Key facts

► The city of Raqqa has experienced an incredible urban growth during the second half of the XXI century that lead a small village to become a city of more then 250.000 inhabitants.

► The siege and conquest of the city by Daesh forces (that turned it into their self-proclaimed capital) has caused radical changes in the behaviour of inhabitants and on their daily life.

► All the public buildings have been either destroyed (such as the Uwais al-Qarni Mosque) or changed in usage into governmental buildings for the caliphate. Current archeological and historical sites are also endangered by areal bombings of the city.

► The fundamental link between the city and the Euphrates river has been transformed into a danger by threatening the destruction of the nearby dams.

Star of the fertile crescent, Raqqa is a city of contact between three worlds: the world of nomadic pastors, the sedentary world and that of the city dwellers. This definition, in the sense of relative economic and political positioning, is quasi-meta-historical. It makes sense both in the Mesopotamian period, under the Arab and Ottoman empires, and in the contemporary period, so much did the prosperity of the fertile Crescent depend on the presence of a State capable of carrying out large-scale hydraulic works and of controlling nomadic populations. As Samir Amin reminds us in his study of Syria and Iraq in the 1970s: “The fertile Crescent is fertile only in comparison with the desert of the Arabian Peninsula which extends on its southern flank. For it is actually a semi-arid region. Agricultural prosperity thus depends to a large extent on the capacity of the State to guarantee the perenniality of the works.

Raqqa’s countryside is remarkable for the multiplicity of development programs that have been applied in the twentieth century. Policy on land endowment of great chiefs during the French Mandate; rush to the “white gold” of cotton in the 1950s by initiative of tradesmen from Aleppo; Euphrates design starting from the Baathist revolution of 1963 and then opened to the market with the privatization of the State farms. At the beginning of the 21st century, however, the emergence of a vibrant private sector was still evident, but the State was still very much present, with the maintenance of its structures to supervise the population via the Baath Party and the implementation of the new development project of East Syria.

These different phases of development were carried by abundant discursive productions aimed at legitimizing state action and gaining political support from the middle classes of semi-nomadic peasants in the region. The development projects of the Syrian Jazira depended on the evolution of society under the influence of colonization, the emergence of great ideologies (socialist, Baathist) and, since the 1990s, the Return of the identity and tribal affirmations now tolerated.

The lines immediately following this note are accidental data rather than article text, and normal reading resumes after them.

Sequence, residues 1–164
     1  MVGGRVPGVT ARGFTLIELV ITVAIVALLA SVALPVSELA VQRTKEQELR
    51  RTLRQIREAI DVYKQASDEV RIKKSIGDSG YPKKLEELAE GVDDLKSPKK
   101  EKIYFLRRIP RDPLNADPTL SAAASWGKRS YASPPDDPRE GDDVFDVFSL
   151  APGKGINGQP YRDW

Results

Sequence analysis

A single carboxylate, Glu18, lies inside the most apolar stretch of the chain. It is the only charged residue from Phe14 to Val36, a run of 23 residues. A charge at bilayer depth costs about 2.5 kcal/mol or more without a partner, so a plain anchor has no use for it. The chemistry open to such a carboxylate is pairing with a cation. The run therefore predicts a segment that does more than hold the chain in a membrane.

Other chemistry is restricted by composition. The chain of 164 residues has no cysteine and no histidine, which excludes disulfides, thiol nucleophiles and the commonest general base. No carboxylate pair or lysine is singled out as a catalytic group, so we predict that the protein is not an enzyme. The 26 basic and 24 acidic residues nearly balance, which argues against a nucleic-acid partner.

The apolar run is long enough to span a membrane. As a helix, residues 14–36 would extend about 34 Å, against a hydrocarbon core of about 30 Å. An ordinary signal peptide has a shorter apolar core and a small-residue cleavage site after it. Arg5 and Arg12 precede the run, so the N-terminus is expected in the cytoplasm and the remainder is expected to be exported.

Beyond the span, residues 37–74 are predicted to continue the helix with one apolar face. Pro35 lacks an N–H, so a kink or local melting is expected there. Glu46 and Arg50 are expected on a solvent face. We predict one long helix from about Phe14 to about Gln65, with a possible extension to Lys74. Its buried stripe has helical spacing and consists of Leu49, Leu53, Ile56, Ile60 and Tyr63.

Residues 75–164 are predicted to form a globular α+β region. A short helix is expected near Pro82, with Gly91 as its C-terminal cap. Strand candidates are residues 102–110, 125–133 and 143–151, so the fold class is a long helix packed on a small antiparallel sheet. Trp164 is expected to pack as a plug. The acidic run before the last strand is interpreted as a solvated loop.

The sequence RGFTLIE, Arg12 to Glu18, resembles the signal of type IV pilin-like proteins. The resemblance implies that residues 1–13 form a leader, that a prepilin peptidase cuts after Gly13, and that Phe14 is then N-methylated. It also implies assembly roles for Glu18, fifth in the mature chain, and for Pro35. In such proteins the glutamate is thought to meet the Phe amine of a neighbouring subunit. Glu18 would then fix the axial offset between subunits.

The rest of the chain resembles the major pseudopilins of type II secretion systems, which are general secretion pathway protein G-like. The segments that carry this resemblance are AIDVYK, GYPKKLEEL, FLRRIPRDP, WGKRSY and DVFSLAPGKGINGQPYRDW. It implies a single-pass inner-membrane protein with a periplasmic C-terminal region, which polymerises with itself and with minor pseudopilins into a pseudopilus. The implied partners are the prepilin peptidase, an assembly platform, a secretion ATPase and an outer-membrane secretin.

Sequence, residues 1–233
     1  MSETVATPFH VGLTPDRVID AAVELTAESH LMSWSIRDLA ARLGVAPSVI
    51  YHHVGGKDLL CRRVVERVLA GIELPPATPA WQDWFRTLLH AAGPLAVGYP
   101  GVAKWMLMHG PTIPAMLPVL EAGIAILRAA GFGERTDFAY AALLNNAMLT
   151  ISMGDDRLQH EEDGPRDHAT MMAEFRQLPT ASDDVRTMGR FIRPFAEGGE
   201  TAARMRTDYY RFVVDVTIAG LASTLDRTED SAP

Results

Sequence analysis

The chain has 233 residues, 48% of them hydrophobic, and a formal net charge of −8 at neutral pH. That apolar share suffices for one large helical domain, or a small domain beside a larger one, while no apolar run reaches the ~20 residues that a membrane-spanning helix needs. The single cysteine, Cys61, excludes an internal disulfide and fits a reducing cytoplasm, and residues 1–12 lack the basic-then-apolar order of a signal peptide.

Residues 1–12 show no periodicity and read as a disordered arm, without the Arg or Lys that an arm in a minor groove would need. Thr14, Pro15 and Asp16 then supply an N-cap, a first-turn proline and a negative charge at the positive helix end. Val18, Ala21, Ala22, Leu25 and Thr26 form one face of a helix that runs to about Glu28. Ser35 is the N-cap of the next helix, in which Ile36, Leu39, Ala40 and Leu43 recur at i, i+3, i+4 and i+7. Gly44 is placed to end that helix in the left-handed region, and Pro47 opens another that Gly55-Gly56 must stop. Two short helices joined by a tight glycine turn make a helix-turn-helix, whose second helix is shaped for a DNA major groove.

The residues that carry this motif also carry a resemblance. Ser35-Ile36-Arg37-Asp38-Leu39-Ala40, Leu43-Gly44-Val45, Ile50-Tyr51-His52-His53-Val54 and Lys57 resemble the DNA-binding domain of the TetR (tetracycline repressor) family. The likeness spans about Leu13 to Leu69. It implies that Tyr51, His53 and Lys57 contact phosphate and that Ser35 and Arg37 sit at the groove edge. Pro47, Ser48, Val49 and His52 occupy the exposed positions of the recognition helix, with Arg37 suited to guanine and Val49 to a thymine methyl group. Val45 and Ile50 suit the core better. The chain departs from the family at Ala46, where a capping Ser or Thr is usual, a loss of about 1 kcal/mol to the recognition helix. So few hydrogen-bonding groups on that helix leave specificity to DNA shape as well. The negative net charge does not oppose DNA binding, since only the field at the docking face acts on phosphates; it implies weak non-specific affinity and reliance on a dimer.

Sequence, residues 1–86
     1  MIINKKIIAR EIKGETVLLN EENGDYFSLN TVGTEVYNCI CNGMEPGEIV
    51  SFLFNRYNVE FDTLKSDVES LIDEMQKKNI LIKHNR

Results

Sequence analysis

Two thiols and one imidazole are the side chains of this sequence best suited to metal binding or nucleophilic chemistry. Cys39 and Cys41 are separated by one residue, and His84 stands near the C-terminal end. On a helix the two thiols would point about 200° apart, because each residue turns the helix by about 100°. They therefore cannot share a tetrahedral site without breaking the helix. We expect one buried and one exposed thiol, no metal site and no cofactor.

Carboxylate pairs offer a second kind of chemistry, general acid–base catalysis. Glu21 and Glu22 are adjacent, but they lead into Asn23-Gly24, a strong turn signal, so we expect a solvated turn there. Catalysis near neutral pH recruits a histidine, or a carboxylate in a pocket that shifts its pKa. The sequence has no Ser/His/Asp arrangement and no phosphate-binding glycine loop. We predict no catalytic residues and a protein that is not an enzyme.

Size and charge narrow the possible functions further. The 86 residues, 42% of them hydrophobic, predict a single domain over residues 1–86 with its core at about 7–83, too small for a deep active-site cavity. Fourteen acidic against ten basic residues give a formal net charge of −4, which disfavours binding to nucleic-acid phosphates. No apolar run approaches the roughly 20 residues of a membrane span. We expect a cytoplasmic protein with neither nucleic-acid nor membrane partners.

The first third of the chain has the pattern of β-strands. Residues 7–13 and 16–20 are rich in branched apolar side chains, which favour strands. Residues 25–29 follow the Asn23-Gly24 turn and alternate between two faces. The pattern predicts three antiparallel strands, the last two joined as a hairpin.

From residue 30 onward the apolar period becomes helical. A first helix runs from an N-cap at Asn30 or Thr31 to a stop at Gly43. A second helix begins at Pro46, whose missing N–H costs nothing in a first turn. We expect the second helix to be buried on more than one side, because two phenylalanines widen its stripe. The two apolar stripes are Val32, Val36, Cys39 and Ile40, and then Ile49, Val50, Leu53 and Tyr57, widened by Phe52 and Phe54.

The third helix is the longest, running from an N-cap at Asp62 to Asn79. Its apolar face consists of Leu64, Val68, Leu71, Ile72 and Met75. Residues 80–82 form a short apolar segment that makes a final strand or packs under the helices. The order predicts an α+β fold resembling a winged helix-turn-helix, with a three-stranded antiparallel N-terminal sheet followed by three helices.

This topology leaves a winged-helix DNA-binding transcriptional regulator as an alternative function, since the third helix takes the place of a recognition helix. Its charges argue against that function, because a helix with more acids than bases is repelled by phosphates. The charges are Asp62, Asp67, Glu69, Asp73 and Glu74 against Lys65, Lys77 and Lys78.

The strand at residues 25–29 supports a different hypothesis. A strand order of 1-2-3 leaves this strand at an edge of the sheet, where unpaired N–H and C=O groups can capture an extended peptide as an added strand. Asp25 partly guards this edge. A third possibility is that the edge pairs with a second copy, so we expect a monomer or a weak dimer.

In 1999, fresco more than fifteen meters long was erected at the main entrance of Raqqa, at the end of the new bridge over the Euphrates. Entitled “Raqqa, from Harun al-Rashid to Hafez al-Assad”, it represents the president and the seated caliph, conversing on both sides of the dam and the river, surrounded by scholars and young people in uniform. This monument is an allegory of the development of Raqqa since the construction of the Assad dam. It summarizes thirty years of state and municipal rhetoric about Raqqa. In the 1970s, while the state took control of the Euphrates Valley through the creation of irrigated perimeters, model farms, and production cooperatives, the city of Raqqa became, after Al-Thawra, the second The biggest urban project in Syria and the field of experimentation of urban planning projects aimed at modifying its spatial organization (creation of administrative zones, parade places, gardens, monuments). These projects were supported by a rhetoric that anchored the urban renewal of the city in the glory of a magnificent Abbassid past. This rhetorical construction had the peculiarity of being based on a medieval literary image, brought to light by local historians. The purpose of the territorial communication developed by the government and the municipality of Raqqa was to replace the recent memory of the Raqqawis with the elements of an Arab golden age that could integrate them into the great history of the Syrian Arab nation. The rhetorical construction of Raqqa as “pearl of the Euphrates” and “Arab capital” was based on the valorization of the archaeological remains testifying to the glorious past of the city. A whole process of identification and renovation of the Arab heritage of the city was undertaken by the municipality. Raqqa then became exemplary of the instrumentalization of patrimonial renovation in the service of power, its restored Abbasid remains giving the reason for a discursive production valorising the two ages of gold of Abbasid and Baathist.